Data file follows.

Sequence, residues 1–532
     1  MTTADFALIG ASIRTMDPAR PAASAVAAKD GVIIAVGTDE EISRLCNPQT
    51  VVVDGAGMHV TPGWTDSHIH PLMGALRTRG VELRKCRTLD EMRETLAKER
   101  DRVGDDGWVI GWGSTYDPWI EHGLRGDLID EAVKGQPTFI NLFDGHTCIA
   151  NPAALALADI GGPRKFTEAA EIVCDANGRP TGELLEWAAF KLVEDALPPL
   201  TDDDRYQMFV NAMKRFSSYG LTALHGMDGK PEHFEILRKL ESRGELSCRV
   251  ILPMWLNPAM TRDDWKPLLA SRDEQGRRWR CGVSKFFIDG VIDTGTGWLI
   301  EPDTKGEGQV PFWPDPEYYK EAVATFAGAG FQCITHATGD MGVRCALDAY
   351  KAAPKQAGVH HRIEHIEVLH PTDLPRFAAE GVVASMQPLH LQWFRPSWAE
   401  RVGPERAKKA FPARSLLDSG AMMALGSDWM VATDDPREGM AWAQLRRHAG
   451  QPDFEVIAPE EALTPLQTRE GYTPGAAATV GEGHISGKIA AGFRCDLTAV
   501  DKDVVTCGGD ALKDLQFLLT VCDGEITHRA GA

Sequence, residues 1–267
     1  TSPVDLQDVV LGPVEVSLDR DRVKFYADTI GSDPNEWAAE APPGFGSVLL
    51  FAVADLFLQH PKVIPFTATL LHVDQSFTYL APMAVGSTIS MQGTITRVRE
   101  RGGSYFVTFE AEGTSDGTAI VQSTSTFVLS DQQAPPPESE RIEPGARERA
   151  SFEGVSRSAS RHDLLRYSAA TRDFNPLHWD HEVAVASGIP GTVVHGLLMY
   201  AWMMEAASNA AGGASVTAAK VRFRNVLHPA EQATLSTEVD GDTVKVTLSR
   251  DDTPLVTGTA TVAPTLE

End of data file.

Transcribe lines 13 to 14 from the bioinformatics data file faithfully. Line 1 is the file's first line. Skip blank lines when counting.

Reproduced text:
Sequence, residues 1–267
     1  TSPVDLQDVV LGPVEVSLDR DRVKFYADTI GSDPNEWAAE APPGFGSVLL